|Title:||Common women - Prostitution and sexuality in medieval England|
|Categories:||8.1 obecné informace|
|Authors:||Ruth Mazo Karras|
|Publisher:||Oxford University Press|
|Number of pages:||221|
This aptly-titled study focuses on women's sexuality apart from marriage in England from approximately 1348 to 1500. The title foregrounds Karras's finding that the distinguishing feature of whoring in medieval England was not payment for sex, though this did occur, but rather the availability of a given woman to any interested male. This property of being "common" -- held in common by all men -- was so defining that these women were not allowed to have exclusive relationships with their clients. Rather than freeing these women at the price of their reputations, prostitution affirmed patriarchy by protecting the investment value of virgins and faithful wives while simultaneously meeting (to borrow language from college financial aid offices) the full extent of demonstrated need. The word "sexuality" in the subtitle introduces the continuity between perceptions of a whore (L. meretrix, Fr. putain) and of medieval women generally.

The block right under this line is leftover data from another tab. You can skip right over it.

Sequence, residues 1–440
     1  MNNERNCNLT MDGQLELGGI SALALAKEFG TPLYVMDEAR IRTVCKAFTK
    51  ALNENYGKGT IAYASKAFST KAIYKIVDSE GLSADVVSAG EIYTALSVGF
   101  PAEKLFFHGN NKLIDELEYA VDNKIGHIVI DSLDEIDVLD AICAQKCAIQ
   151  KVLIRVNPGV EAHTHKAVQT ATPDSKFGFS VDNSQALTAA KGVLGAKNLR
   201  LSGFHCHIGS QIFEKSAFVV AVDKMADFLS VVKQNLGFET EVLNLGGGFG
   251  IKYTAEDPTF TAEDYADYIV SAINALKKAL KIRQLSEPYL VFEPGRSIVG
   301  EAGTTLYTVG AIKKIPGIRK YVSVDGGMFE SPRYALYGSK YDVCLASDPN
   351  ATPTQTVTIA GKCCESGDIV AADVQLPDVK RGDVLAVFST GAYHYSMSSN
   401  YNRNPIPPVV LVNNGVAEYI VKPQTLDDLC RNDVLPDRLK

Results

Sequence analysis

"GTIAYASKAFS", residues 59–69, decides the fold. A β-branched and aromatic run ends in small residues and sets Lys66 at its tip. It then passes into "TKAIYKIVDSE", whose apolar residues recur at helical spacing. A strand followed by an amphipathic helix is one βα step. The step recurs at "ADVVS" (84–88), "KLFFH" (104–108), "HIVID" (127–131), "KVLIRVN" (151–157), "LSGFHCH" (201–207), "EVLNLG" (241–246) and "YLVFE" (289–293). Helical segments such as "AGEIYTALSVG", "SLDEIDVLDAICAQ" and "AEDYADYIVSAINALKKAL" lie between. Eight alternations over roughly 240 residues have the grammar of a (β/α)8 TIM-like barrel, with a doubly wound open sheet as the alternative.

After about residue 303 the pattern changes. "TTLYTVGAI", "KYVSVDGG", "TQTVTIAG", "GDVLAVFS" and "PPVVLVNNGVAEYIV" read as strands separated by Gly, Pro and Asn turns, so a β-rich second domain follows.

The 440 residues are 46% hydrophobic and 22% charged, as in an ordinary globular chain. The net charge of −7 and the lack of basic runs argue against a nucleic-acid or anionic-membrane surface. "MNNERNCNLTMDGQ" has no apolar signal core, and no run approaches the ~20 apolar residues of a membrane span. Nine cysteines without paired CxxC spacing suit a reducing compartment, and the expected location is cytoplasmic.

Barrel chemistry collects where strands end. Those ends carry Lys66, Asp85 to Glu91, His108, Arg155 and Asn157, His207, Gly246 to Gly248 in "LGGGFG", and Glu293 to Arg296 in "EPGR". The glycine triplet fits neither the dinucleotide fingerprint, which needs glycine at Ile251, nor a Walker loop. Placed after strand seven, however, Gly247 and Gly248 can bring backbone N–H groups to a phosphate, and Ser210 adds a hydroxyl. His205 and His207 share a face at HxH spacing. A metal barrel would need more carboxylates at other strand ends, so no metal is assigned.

Knihovna: Common women - Prostitution and sexuality in medieval England